‘Slideument’ is Garr Reynolds’ term for the printout of slides that is often given to the audience after a presentation. It’s a deliberately horrible word, reflecting the fact that the slideument is a compromise giving the worst of both worlds: because they know the slides will be printed, many presenters cram them with text, which makes them terrible presentation aids; but there isn’t room to explain the ideas properly, so they make an inadequate handout.
Here’s what a slideument of this Presentation Skills workshop would look like:
Garr’s solution is to create a separate document with a written summary of the presentation, illustrated with some of the most important images from the slides. Of course, this involves more work – but doing an outstanding job usually involves more work. Your audience will thank you for it – and keep hold of the document (which should of course include your website address and contact details…).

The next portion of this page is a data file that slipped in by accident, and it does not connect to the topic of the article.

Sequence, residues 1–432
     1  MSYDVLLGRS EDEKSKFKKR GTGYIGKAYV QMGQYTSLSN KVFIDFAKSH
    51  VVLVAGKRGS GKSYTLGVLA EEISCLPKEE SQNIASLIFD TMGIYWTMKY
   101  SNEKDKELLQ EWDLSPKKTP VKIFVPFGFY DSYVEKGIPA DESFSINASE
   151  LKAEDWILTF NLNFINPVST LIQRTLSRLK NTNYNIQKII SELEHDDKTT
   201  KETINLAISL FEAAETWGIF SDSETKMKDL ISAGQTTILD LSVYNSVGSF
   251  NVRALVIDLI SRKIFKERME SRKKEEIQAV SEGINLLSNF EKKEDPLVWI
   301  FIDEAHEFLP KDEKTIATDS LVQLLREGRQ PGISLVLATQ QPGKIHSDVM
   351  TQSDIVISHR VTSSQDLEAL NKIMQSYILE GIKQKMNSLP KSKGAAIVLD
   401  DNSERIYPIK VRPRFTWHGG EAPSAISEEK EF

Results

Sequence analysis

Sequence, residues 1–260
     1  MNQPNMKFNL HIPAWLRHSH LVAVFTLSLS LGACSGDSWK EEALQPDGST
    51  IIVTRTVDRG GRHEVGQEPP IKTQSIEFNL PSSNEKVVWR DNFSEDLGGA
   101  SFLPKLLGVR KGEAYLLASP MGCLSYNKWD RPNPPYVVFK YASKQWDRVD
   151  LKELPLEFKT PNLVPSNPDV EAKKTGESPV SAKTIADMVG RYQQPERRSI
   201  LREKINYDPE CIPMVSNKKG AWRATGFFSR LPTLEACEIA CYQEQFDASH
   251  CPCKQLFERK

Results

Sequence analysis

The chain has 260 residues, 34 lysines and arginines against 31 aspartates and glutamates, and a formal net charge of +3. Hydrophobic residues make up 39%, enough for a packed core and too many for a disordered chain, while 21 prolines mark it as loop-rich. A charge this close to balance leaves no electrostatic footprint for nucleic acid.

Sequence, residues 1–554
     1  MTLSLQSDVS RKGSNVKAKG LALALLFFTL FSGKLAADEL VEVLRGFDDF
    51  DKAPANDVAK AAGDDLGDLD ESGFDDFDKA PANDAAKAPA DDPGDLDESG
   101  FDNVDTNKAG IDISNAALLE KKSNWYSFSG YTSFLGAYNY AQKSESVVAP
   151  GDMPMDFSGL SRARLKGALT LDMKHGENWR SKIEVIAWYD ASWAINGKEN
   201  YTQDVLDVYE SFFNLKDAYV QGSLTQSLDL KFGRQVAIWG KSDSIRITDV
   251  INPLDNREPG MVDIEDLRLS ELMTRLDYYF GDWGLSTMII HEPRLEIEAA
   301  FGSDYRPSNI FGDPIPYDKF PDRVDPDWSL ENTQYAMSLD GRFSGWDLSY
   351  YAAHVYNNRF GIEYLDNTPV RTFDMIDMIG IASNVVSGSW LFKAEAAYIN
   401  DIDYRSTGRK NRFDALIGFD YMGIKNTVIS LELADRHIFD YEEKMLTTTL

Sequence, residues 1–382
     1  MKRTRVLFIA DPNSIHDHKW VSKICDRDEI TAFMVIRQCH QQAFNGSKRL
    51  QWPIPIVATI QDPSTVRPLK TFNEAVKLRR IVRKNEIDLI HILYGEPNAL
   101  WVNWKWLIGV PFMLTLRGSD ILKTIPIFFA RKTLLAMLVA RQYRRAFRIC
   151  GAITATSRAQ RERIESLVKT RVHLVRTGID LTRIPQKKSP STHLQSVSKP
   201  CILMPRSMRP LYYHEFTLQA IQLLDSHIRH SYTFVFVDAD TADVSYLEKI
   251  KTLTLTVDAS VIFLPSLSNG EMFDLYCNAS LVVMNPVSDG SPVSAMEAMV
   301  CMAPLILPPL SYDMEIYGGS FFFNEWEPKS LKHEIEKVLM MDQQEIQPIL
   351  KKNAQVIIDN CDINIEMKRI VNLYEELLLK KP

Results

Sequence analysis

Here’s a snapshot of a pdf document I created for a presentation last year:
Another benefit of writing out your presentation is that it helps you clarify your thinking and correct any weak points in your argument. I would never read a text to an audience, but once I’ve laid my ideas out in writing I find it much easier to talk fluently about them when I’m on stage.